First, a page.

2. I am actively inviting, engaging, and discipling all throughout the week after work, and on Sunday’s I try to have an appointment during ‘service times’ for a new unchurch guy I am discipling at a theologically sound church near where he lives. So I regularly visit other churches in the area on Sunday mornings, just not mine because we are trying to grow…. to have Sundays… I don’t worry about visitors because none of our folks are inviting, engaging, evangelizing, so I go to them (my ‘visitors’) on Sunday.

    3. Generalizations (just like in “why we love the church”) although tend to be good illustrations, can be hurtful to faithful guys like myself who would love to ‘live up to your’ post and have 1000′s on a sunday morning so that you would not notice folks that did not show up. The reality is, not all of us are in that situation, and living up to what you pass off as the demand from scripture, is not a biblical imperative. It is a liberty and license issue, or maybe better said, a FORM and FUNCTION issue. It says not to forsake the fellowshipping togehter, etc, not for us to be in a building, on Sunday morning and taking pot shots at others who dont without first asking questions. I would love to have a Sunday ‘service’, get that it is an ‘understood time for meeting’ but it just not possible in the current state and transition we are in, so yes, I challenge our folks to GO to church with others on Sunday so maybe they can hear your sermon and get convicted and love ‘their church’.

    4. Visiting another church or serving a ‘friend’ on Sunday (as you and I both know) rarely happens because when given the choice, most people stay in bed. Which begs the question, if they have no integrity to GO, what makes you think that COMING to a service is a good thing for them either? Same heart, passively sitting in a pew on Sunday… Is that really what Christ had in mind for ‘church’? That is why he was in the temple regularly blasting them. Blasting the pharisees every week is not good for the shepherds soul either… it gets old, and you realize that like with YOUR kids, yelling at them to do something means nothing until their are consequences.

    5. We stopped meeting on Sundays because people were inconsiderate, did not show up on time, did not come prepared to worship a holy God, were not volunteering to serve, and when challenged, slapped me on the back and said, ‘really good message this week’ and went home and committed adultery. So I am going to continue to ‘serve’ my community, until some committed disciples step up and decide to worship God with me on Sunday, not passively sit back and consume God on Sunday. I need the rest and I bet God does too…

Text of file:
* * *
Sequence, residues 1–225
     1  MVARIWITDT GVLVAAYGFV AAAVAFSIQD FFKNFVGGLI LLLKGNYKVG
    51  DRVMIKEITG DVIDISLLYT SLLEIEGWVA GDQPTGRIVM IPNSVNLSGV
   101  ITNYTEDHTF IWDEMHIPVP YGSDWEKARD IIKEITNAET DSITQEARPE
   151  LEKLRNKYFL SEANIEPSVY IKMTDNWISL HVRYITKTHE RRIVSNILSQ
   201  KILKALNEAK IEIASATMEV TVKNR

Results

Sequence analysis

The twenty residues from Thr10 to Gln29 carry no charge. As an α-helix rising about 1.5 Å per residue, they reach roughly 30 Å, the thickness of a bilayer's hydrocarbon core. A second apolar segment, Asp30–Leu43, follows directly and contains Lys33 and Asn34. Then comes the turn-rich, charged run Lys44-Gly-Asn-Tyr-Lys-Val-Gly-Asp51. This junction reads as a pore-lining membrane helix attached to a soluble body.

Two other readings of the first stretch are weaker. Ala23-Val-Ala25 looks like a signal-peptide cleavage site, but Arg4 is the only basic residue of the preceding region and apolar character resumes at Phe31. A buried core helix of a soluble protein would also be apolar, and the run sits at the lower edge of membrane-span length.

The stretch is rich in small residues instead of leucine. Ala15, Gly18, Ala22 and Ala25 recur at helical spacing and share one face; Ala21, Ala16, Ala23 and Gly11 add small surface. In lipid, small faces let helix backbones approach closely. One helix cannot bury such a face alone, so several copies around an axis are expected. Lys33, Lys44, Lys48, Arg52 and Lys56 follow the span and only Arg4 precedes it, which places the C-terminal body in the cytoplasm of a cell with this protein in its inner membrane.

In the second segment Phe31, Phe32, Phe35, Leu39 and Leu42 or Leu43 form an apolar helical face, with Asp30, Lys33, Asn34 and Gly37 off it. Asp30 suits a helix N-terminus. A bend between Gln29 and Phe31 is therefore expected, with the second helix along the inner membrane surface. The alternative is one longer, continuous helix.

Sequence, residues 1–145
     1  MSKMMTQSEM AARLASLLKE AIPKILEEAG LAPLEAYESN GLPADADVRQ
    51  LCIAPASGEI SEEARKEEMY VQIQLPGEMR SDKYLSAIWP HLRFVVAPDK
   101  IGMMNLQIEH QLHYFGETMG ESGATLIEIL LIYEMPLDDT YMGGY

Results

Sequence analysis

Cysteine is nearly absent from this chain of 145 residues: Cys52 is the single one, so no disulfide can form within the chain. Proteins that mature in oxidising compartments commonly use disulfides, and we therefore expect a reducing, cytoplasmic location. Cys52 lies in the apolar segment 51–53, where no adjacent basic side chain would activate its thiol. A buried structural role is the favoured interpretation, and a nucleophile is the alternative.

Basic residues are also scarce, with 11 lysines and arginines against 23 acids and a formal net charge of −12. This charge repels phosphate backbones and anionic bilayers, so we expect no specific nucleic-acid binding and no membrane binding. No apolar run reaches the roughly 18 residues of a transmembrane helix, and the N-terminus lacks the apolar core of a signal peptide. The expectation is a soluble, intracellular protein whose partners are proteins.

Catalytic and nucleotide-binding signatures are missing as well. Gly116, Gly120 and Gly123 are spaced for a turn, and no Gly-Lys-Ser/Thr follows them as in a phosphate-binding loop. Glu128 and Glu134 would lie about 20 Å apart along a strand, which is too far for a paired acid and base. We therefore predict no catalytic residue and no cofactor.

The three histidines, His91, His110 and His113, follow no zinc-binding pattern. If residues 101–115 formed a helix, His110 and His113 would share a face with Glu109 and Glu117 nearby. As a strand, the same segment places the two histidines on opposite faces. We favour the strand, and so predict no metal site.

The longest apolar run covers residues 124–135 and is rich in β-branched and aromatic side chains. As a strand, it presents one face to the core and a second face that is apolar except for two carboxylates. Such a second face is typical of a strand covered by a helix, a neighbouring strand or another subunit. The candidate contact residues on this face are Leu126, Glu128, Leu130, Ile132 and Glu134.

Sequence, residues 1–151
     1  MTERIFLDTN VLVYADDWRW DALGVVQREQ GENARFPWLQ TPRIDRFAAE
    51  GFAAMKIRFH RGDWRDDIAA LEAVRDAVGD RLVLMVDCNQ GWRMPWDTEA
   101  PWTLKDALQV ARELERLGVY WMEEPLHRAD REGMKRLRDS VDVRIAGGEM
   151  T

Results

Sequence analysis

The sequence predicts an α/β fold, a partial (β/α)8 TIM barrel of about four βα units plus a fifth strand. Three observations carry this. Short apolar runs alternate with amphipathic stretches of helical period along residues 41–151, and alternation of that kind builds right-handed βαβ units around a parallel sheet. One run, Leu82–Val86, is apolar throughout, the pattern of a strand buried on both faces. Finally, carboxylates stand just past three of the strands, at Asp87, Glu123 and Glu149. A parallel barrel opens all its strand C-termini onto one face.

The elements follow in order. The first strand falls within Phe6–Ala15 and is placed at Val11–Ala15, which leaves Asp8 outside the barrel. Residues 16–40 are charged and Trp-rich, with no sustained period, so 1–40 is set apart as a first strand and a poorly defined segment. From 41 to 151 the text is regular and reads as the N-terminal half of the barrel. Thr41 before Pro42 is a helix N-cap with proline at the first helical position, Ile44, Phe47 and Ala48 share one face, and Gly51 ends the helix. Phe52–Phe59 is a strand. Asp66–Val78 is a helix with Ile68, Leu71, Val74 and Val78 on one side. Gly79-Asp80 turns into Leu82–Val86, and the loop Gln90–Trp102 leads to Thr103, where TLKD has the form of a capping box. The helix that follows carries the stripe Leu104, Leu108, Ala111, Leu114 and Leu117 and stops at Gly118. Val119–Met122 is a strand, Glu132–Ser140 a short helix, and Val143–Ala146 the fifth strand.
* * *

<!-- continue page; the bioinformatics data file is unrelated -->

Writing responses on the web is a failing sometimes because I am trying (like you are trying) to communicate something that has much CONTEXT and we only get one shot to communicate it and we desire that the right communication happens. Let’s be clear, I am not one of the House Church Nazi’s outlined in your “why we love the church” however, I also have loved, patiently, and committed to HIS church for the last 10+ years of my life. As the old adage goes, I love the church just not HIS people (cliche), is not the right label either… again there is alot more to the story. What I am trying to say is that, THANK THE LORD you love your church and folks around you love the church. We are still looking for some that do…

  31. Dwight says:

    @Derek, I believe the church with “1000s” as you say is the exception rather than the rule. I have no idea how large Kevin’s church along the eastern edge of MSU is, but would suspect it’s no megachurch.

    In regard to church health, I’ve found 9Marks.org to be very helpful, and books such as Philip Ryken’s “City on a Hill” and Michael Horton’s “A Better Way” direct us back to Scripture to refresh us on what a biblical model for corporate worship and church life may look like. Getting buy-in may be difficult for folks who do not like to think (and our entertainment culture, generations in the making, is not conducive to the development of reasoning skills), but I believe a pastor’s job is to give us a biblical view of God and His Gospel, and to point us the way to Scripture so that we too can increase in our growth and in our appreciation of who God is and what He is done for us. Can there be any other appropriate motivation for serving Him than a renewed mind?

  32. Dwight,
    Thanks for the comment. My ‘generalizations’ did not help either (reminded I need the gospel too). Love the resources you mentioned and we reference them and point to them. Problem is, we live also in an anti-intellectual culture and most would rather (actual comment one of our Elders received one time trying to disciple someone)get the microwave version, versus doing the study, reading the bible, and commiting to being biblical versus emo.